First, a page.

@Christoph: I think the major thing that should change from the current (hacky) approach would be to use topological sorting to figure out pairings (and maybe randomize them) so fewer comparisons are necessary and to not have the problem that you always compare half the images against the pivot. Quicksort is fine when you already have the metric you're comparing, but not when you make it up on the fly.
    – Joey
    Jan 7, 2019 at 8:46

Take Fewer Photos

Slow down.
Be more deliberate.
Consider the "why" of each image before you capture it.

Of course, you could go back to your smaller camera!?


  • Actually the "smaller" camera is much bigger, it just has a lower pixel count of 6MP - Nikon D40 ;) Feb 4, 2011 at 13:11
  • Just as a FYI, a higher pixel count doesn't necessarily equate to a better image. Larger senses have larger pixel sites, which gather more light, resulting in lower noise. It's amazing what sort of photo you can get from a well set-up 1D image, even though it's the oldest sensor of Canon's digitals.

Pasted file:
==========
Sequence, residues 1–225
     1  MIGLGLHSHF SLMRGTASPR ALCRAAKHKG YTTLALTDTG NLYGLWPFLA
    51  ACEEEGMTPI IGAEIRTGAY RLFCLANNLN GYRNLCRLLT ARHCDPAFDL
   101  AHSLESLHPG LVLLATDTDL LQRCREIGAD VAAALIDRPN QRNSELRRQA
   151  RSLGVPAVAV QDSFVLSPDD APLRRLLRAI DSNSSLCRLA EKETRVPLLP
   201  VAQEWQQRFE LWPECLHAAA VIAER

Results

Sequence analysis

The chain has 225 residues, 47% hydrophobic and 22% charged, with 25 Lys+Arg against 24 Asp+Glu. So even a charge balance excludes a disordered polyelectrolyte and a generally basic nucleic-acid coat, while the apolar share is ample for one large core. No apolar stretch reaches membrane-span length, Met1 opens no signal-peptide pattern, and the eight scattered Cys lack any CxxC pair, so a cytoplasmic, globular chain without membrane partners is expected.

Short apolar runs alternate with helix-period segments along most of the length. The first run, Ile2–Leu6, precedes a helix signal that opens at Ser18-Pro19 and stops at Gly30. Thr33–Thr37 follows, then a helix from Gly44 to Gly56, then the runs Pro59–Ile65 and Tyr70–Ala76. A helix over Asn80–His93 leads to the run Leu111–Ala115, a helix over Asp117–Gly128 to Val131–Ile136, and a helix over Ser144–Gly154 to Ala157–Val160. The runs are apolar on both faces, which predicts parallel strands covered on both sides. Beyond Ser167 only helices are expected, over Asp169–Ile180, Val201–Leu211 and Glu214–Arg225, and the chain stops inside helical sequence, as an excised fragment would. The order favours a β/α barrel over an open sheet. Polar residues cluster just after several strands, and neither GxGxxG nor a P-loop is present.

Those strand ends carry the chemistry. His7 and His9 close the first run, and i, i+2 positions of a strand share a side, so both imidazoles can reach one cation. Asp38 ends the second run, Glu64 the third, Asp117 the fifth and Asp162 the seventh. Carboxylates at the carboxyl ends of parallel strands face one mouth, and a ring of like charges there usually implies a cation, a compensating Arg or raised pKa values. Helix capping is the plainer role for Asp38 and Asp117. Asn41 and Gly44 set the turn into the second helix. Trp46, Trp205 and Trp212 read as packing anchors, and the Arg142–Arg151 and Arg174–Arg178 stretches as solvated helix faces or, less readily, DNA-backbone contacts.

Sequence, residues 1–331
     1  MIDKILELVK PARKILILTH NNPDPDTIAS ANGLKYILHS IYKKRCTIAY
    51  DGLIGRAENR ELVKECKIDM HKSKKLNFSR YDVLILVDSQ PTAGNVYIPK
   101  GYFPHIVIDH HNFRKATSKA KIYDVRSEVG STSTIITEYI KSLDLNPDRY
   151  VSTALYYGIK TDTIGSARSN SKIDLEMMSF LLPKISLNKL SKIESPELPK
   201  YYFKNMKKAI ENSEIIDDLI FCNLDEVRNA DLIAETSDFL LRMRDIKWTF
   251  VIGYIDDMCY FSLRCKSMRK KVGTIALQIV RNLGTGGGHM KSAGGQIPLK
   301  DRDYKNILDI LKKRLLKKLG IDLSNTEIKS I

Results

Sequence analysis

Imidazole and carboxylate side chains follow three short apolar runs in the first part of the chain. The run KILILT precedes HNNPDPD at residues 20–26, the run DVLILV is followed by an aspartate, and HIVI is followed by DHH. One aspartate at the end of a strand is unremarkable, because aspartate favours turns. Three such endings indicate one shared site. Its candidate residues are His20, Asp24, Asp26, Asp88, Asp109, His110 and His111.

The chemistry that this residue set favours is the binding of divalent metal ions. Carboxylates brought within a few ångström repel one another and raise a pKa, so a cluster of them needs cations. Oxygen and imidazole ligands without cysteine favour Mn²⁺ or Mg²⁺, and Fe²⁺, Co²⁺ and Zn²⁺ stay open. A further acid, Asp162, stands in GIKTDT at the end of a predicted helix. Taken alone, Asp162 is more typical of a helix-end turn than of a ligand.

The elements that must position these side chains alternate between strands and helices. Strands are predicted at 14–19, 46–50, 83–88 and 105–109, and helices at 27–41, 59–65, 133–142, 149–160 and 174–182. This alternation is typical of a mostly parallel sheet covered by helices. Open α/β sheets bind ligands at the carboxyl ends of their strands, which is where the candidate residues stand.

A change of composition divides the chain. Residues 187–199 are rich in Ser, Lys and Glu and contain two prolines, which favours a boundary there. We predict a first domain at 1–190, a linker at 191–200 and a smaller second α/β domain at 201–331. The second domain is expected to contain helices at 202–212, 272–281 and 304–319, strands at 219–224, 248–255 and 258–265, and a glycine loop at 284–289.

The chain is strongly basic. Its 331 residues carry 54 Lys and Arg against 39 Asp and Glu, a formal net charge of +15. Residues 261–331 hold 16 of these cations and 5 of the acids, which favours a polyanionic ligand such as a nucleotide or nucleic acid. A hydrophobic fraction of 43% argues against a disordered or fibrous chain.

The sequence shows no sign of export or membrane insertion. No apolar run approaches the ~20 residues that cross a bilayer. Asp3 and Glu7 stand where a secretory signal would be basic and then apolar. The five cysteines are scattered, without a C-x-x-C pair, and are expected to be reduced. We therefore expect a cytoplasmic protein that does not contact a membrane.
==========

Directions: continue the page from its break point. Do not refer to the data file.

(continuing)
– Greg
    Feb 5, 2011 at 2:06
  • Very good reasoning, but not helpful if you did shoot more :)
    – Leonidas
    Feb 12, 2011 at 22:54

Deleting comes first in my workflow. As I mostly take photos during vacations, some many pictures add up. I have noticed that often the same process holds if I go shooting some special site/object only:

Deleting done

  • sometimes already in camera (you know when you f*ck up)
  • at first review: I move everything I do not like into a deleted-folder1
    • this way they don't distract me while editing the set
    • thus I can revive one of these after sleeping on it (seldom)